It’s also nice to hear positive feedback from press and influencers, but most importantly from the players. Of course, this is reflected in user reviews and scores, which we do read and discuss. If we make players happy, we are successful.

If you know how to do marketing on mobile, you can have a hit without being a good game.

Mel Kirk

What is your opinion of the mobile games market for indies right now?

I’m not sure there is an indie game market on mobile! The major players are now massive companies, many with huge investments from publicly traded companies, and there are fewer indie breakout hits. If you know how to do marketing on mobile, you can have a hit without being a good game.

Services like Apple Arcade have given new life to the mobile games market, and this provides a new opportunity for indies to create something new and exciting without having to worry about loot boxes or gatcha systems. I look at many of the games on Apple Arcade and I see console-level quality, which is quite refreshing for players and studios alike.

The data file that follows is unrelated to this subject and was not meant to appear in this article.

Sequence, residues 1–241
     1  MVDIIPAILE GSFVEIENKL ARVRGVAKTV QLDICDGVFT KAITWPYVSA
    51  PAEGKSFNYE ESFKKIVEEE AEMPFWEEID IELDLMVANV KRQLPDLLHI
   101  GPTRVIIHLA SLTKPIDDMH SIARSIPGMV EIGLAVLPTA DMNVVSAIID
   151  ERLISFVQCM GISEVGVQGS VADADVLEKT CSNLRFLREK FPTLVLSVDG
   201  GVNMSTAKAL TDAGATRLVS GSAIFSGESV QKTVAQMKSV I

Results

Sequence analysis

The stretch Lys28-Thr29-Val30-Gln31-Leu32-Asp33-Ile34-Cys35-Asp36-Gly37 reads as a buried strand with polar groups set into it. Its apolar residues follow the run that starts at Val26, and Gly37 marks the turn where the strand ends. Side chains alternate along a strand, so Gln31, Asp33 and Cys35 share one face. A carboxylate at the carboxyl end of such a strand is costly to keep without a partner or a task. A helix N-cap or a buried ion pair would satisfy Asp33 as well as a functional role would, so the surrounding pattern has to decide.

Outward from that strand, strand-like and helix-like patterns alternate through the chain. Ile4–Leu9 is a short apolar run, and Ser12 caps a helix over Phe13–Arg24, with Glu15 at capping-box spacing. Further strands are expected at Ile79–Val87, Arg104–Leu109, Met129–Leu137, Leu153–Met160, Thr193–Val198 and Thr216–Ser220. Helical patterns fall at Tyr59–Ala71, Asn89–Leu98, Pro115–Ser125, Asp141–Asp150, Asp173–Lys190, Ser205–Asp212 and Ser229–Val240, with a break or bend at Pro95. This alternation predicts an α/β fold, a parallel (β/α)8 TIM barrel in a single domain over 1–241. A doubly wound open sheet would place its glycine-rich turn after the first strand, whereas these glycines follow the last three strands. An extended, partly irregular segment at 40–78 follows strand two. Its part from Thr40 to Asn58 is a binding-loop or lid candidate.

Could you tell us about Dread Nautical?

If you went on vacation aboard a cruise ship and everything went really wrong, you would have the basic premise for Dread Nautical.

The game is a tactical turn-based RPG with roguelike elements and cartoon-like art style all wrapped up in a Lovecraftian-ish story. Supernatural forces have overwhelmed a cruise liner known as the Hope with mysterious malevolent monstrosities who are out to get you.

What are your current plans for the future?

Everyone at the studio loves pinball, so we will definitely continue producing new tables, evolving our pinball universe and hopefully introducing some unexpected surprises – such as the new pinball machine project with Arcade 1UP, which will release later this year.

There are three other teams working on their own games like Operencia: The Stolen Sun, which will be out on Nintendo Switch, PlayStation 4, Steam and GOG on March 31st (currently available on the Epic Game Store and Xbox One), and CastleStorm II which we announced last year at E3.